With a shortage in available livers, researchers have found a new way to engineer liver tissue.
A team from the Massachusetts Institute of Technology (MIT), Rockefeller University and Boston University organized tiny subunits that contain three types of cells into a biodegradable tissue scaffold.
After being implanted in the abdomen, the tiny structures expanded 50-fold and were able to perform normal liver tissue functions in a study of mice with damaged livers.
Currently, approximately 17,000 Americans are waiting for liver transplants.
“There are just not enough organs to go around,” Sangeeta Bhatia, the John and Dorothy Wilson Professor of Health Sciences and Technology and Electrical Engineering and Computer Science and a member of MIT’s Koch Institute for Integrative Cancer Research and Institute for Medical Engineering and Science, said in a statement. “Our goal is that one day we could use this technology to increase the number of transplants that are done for patients, which right now is very limited.”
Bhatia developed an engineered tissue scaffold in 2011 that could be implanted into the abdomen of a mouse and integrate with the mouse’s circulatory system to allow it to receive a blood supply and begin performing normal liver functions.
The researchers built on that work by taking advantage of a key trait of liver cells where they can multiply to generate new liver tissue. They designed microfabricated structures that incorporate spherical organoids made of hepatocytes and fibroblasts, as well as cords of endothelial cells that are building blocks of blood vessels.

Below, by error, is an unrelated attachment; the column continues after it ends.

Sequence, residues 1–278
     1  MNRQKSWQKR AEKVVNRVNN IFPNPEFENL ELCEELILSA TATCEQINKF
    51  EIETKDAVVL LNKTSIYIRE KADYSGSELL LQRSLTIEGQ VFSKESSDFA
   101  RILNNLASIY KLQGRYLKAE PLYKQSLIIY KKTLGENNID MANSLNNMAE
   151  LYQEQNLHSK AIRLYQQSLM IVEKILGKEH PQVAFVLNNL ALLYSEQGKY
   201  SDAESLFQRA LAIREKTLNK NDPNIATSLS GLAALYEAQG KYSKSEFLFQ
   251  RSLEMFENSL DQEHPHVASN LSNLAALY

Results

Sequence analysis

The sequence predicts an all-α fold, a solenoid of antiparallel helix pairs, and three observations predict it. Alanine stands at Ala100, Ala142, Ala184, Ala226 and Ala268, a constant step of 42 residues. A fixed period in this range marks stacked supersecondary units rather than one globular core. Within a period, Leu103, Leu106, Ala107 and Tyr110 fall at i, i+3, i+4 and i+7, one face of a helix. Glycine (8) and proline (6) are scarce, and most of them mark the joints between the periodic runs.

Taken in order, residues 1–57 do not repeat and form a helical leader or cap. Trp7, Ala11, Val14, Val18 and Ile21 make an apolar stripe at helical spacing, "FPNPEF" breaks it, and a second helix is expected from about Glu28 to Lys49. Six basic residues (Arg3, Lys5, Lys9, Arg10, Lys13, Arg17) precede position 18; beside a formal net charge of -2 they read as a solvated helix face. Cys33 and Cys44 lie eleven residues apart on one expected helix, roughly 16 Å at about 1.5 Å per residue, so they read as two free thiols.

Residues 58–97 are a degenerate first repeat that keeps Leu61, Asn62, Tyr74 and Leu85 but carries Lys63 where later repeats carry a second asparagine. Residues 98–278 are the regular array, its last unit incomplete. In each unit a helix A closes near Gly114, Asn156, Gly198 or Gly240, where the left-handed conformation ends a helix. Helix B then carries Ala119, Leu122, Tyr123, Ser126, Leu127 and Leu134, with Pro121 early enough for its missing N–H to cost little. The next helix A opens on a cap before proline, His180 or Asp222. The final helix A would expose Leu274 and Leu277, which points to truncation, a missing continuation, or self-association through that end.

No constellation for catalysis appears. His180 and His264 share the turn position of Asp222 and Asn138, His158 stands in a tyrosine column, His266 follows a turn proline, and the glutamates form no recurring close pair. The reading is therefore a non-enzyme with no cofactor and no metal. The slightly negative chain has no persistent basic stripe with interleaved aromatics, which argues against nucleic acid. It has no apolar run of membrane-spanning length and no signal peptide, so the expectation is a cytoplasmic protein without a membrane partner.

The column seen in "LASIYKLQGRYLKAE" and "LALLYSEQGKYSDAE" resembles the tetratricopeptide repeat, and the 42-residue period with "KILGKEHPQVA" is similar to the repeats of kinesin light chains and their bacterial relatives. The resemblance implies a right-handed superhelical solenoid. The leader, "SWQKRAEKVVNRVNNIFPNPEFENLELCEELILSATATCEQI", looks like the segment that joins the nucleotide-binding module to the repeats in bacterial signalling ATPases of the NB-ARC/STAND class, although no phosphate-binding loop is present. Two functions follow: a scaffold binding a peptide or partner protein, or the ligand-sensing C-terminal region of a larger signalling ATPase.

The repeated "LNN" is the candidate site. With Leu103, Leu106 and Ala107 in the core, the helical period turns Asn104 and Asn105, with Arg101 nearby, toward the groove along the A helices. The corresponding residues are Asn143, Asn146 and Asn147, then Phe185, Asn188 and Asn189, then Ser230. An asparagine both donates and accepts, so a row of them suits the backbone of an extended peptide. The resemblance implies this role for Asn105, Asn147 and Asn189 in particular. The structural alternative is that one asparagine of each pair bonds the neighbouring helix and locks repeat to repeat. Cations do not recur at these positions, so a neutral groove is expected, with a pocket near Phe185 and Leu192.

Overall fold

The mice receive regenerative signals—including growth factors, enzymes and molecules—from the surrounding environment after the constructs are implanted.
The engineered livers could help facilitate liver transplants for those suffering from cirrhosis and hepatitis, as well as help those suffering from chronic liver disease that don’t qualify for a transplant.
“These patients never really are transplant candidates, but they suffer from liver disease, and they live with it their whole lives,” Bhatia said. “In that population you could imagine augmenting their liver function with a small engineered liver, which is an idea we’re pretty excited about.”